For those unfamiliar with the plot we are introduced to Hollywood screenwriter David Sumner (James Marsden) and his wife, Amy (Kate Bosworth) who following the death of Amy’s father leaves the big city to spend some time in Amy’s Southern hometown to stay in an old house away from everyone and everything. David is the big fish in the small pond, he looks out of place and uncomfortable but tries his best to fit in to please his wife who arrives in town like she has never been away. Meeting up with ex boyfriend Charlie (Alexander Skarsgård) who straight away strikes up a dislike for David, the tensions rise when the married couple ask Charlie and his work mates to fix the roof on the barn of their home. They turn up, Amy flirts for a bit, David tells her “she is asking for it!”, which of course happens which results in a climatic siege where life or death is only seconds away.

First the positive and the acting on show is one thing you can not put your nose up too.  While Marsden is no Hoffman, he still does a good job as the man who needs to turn against his beliefs to protect his loved one and its nice to see Skarsgård step out from his role of Eric in True Blood and play the lead bad guy. He holds the tension up well between David even though I have seen him be more darker in the hit TV Show. The weakest link is probably Bosworth who really adds nothing to the role of Amy apart from looking pretty and this is where the negatives start to come from.

Rod Lurie’s redo is just totally bland and pretty dull which should not be for the subject matter on hand. In an age where gore porn and holidays go bad horror are all the rage, Straw Dogs should in lovely between the lines but the plot is so dull that it fails to entice from the off. There is nothing here which will excite the new generation and the sad thing is if there was no 1971 original, then this movie would be instantly forgettable.

Now I do not mean to sound offensive here but even the rape scene is boring. Now I know you should not glamorise rape in any way but what I mean is that I just did not feel the plight that Amy was going through. If you take a look at the remake of I Spit On Your Grave, then that poor woman went through the mill and it was horrific to see but when she got her revenge, you were like “go bitch, get those fuckers!”, but with Straw Dogs 2012, well it totally lacks any passion and fails to get the emotional edge that a film of this kind requires.

Interesting is the change of dynamic of the plot in terms of relationships. In the original, it was husband and wife who seemed at odds and have a different way of life but in this remake its centred on David and Charlie and its a huge flaw in the new version. Yes they are both chalk and cheese but by trying to raise the tension between the two rids the use of Amy who like I said is just there in the background to look pretty and then get raped. Sadly even the appearance of James Woods fails to rise the film up through murky waters and the film just limps along all the way towards the finale which even if you have not seen the original you will guess what is coming long before the sound of gun fire.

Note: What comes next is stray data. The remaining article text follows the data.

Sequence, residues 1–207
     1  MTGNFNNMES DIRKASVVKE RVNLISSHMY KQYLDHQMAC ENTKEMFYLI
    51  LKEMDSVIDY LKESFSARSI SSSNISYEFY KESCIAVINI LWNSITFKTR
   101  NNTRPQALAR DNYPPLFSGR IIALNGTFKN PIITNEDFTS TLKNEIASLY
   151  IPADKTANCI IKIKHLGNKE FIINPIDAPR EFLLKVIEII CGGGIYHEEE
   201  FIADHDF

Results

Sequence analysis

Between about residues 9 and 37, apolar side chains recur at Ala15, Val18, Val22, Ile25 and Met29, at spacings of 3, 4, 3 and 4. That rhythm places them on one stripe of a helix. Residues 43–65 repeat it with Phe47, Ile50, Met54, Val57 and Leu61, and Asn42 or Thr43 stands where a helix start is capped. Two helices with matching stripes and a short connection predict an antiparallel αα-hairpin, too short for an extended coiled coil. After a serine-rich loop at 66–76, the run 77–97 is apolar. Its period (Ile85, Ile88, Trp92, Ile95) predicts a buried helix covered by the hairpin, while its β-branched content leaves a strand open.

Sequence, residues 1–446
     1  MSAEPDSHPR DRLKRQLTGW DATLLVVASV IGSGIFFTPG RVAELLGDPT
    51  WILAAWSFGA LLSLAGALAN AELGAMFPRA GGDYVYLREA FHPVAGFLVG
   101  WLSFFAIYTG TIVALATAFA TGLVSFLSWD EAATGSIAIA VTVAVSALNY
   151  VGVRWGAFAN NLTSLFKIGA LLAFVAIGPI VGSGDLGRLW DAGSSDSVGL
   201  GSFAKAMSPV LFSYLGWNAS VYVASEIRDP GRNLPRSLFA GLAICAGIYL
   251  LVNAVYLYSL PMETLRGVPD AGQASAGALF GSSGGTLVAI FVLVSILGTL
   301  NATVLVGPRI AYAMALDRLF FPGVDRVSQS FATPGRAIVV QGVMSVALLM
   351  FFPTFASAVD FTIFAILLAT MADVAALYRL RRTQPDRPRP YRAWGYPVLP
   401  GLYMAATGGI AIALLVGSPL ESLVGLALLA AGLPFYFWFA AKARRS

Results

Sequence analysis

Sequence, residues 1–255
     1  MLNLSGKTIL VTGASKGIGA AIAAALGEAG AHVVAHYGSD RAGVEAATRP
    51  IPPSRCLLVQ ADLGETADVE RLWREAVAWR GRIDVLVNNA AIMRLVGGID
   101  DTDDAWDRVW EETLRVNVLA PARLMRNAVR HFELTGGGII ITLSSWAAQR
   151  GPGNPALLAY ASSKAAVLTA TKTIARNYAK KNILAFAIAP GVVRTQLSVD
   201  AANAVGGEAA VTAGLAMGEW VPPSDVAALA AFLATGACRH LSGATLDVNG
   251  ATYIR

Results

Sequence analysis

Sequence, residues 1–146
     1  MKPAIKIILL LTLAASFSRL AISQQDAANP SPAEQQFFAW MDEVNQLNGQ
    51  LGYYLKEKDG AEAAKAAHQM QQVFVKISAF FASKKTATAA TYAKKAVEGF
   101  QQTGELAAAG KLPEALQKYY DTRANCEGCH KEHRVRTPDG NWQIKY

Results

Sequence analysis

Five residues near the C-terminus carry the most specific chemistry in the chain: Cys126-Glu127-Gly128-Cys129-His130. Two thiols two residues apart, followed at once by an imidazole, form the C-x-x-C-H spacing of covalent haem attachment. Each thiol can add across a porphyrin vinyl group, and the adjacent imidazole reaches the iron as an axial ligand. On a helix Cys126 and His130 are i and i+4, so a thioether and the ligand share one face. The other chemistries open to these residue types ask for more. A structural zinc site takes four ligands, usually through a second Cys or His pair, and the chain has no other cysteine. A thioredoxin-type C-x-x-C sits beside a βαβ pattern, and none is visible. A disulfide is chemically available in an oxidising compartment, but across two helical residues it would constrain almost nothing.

Straw Dogs 2012 sadly fits in the ever-growing pile of remakes that offer nothing new for fans of old. Its a film that lacks all kind of tension and thrills and quite simply bored the shit out of me.

                                                                 Rating: ★☆☆☆☆

  Check Out The Doc’s Cinema Review of Straw Dogs right here:

About Ross Hughes 1929 Articles
Since my mother sat me down at the age of five years of age and watched a little called Halloween, I have been hooked on horror. There is no other genre that gets me excited and takes me to the edge of entertainment. I watch everything from old, new, to cheap and blockbusters, but I promise all my readers that I will always give an honest opinion, and I hope whoever reads this review section, will find a film that they too can love as much as I do! Have fun reading, and please DO HAVE NIGHTMARES!!!!!!

1 Comment

  1. Agree with all that apart from James Woods, I thoguht he was excellent. The film as a whole though was bland and did not have that almighty whack to the senses that the original had. And like you said, remakes CAN be done well, I praised the I Spit on Your Grave remake last year, a terrific remake. This missed the target, crap!